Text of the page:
The aim of the course is to introduce students to the issues of governance and especially multilevel governance in the contemporary European Union. The course is composed of two parts. The first part deals with general concepts of governance, multilevel politics and multilevel governance, regionalism, and Europeanization of domestic politics. The changing nature of the state in the post-Westphalia era is discussed as well. In the second part of the course, these general concepts and notions are demonstrated in the example of the European Union. The EU will be presented as a specific political system combining features of both a traditional state and an international organization and increasingly as a polity, in which processes of traditional government are complemented by networks and processes of governance working in specific multilevel settings. The students will become familiar with all three dimension of the EU political system – polity, politics, and policy.
At the end of the course, the student should acquire a solid command of relevant theories of governance and a comprehensive understanding of the notion of multilevel governance as a theoretical concept, and especially as a model describing the reality of contemporary European Union political processes. The student should understand the role of different political institutions of the EU as well as role of important actors operating at different levels of the EU multilayered political system. Students should possess basic skills and competences to analyze contemporary European politics.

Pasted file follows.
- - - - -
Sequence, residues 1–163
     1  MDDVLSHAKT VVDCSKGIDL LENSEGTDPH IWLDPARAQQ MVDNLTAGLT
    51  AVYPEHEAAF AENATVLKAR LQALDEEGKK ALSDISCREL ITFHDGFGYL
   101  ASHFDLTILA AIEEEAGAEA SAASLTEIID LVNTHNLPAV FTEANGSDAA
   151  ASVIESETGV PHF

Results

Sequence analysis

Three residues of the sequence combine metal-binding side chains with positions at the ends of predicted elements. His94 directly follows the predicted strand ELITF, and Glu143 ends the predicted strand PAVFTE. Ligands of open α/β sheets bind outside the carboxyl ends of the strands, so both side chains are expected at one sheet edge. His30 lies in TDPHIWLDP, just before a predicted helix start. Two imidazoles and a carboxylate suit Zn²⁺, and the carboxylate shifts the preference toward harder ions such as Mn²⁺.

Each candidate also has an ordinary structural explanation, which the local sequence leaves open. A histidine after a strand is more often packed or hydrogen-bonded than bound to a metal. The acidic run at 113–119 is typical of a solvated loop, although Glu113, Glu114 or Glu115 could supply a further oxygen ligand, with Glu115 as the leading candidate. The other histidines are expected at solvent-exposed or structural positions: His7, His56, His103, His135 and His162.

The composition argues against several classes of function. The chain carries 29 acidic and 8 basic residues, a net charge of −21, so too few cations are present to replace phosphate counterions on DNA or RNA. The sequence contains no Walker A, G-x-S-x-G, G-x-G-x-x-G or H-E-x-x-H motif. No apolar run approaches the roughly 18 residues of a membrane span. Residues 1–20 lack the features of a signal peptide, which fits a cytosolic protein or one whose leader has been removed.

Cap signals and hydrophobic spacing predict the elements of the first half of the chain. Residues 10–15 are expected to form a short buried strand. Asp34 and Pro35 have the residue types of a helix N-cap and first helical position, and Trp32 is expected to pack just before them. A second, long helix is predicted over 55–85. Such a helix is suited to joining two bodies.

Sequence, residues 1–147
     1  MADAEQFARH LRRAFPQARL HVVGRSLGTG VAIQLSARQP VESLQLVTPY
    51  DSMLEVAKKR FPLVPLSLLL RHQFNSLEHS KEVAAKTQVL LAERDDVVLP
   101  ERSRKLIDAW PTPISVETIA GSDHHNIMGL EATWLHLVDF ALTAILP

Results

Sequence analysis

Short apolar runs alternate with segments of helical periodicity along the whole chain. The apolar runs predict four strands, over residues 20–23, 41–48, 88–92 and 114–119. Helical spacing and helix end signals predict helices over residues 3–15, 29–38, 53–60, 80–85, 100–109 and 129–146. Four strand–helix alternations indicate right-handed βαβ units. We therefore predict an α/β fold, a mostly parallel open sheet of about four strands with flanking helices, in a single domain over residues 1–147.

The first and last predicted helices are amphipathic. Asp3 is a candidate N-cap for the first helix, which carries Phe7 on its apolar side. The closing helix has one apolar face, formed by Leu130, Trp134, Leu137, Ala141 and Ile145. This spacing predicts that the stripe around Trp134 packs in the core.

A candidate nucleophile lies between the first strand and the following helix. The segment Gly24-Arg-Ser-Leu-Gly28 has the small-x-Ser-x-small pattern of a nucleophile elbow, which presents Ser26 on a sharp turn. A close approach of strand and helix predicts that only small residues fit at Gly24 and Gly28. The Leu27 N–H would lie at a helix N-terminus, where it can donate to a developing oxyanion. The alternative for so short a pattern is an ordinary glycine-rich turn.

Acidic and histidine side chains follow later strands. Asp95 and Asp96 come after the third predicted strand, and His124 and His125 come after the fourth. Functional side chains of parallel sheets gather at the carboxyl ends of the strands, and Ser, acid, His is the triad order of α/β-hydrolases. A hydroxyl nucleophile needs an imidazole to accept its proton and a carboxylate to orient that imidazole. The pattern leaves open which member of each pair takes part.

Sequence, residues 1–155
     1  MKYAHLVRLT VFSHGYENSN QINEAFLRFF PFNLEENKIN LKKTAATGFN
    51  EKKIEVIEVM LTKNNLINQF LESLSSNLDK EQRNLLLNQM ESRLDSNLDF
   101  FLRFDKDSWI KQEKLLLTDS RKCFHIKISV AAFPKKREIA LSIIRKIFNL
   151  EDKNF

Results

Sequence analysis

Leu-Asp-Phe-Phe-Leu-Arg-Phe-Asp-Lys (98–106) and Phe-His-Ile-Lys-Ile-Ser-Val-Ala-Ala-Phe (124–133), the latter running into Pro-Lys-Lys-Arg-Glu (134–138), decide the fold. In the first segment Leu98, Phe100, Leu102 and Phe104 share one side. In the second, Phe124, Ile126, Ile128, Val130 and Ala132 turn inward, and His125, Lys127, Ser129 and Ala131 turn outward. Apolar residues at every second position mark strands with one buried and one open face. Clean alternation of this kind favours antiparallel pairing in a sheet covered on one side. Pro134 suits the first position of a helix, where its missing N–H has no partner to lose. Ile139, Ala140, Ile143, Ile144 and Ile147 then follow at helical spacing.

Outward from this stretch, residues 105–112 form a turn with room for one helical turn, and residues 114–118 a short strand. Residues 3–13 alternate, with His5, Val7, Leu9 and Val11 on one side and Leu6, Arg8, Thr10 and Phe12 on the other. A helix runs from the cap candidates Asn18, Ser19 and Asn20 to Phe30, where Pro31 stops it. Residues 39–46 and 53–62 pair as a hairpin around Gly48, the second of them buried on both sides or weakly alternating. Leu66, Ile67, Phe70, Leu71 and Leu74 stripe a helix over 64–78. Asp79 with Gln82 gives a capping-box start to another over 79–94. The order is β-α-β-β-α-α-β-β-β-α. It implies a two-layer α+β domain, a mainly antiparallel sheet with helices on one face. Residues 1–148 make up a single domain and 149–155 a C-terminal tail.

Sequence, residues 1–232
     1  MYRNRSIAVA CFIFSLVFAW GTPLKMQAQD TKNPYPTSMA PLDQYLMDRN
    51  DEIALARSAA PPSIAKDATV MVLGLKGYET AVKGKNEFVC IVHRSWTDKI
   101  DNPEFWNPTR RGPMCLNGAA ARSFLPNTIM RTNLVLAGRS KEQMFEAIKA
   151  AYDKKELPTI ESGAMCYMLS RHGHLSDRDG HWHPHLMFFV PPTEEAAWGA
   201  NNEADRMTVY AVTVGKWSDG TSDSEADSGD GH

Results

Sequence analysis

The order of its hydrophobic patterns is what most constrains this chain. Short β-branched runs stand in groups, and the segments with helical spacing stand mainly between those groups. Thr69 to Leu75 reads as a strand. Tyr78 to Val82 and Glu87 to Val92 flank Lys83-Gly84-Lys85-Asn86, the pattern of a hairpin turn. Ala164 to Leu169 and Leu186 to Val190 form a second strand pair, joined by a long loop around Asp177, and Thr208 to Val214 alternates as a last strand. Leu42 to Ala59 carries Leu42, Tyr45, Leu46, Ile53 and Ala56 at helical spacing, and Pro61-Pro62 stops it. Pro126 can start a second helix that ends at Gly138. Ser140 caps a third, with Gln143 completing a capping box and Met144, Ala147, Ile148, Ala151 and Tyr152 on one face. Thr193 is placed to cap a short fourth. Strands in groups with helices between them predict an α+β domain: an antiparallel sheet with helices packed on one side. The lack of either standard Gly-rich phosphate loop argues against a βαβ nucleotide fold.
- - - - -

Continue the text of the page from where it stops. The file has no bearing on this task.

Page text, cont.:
1. Introductory session – The changing role and nature of the state in Europe
2. Changing perspective from government to governance
3. Multilevel governance – a concept
4. Multilevel governance inside the state – European federalism and regionalism
5. Modes of governance in contemporary EU
6. Europeanization as an impact of multilevel politics
7. The EU as a political system – a theoretical perspective
8. The EU as a political system – how to analyze the EU (system theory, policy networks, policy arenas etc.)
9. The EU as a political system – the making of EU policies
10. The EU as a political system – pressure groups and political parties as vital actors of EU politics
11. Democratic deficit issue
12. Modes of governance in contemporary European countries (Dutch-Czech comparative seminar)
The course consists of lectures combines with seminars including class discussion. Homework position papers related to assigned readings are also part of the workload. Students are divided into small groups in which they carry on their position papers during the whole term. The number of groups as well as their composition depends on the overall number of students enrolled in the course. However, the groups will be settled in the first week of the course and their composition will be fixed during the entire term. Students are responsible for distribution of the work within the group; their performance will be evaluated on the groups’ basis, not on their individual approach or contribution! Each lecture is accompanied by compulsory reading whose knowledge is necessary both for active participation in class discussion and for the written exam; moreover, students are encouraged to acquire further relevant academic articles, chapters in books etc. when preparing their position papers.
The final written test will be composed of 4 large open questions.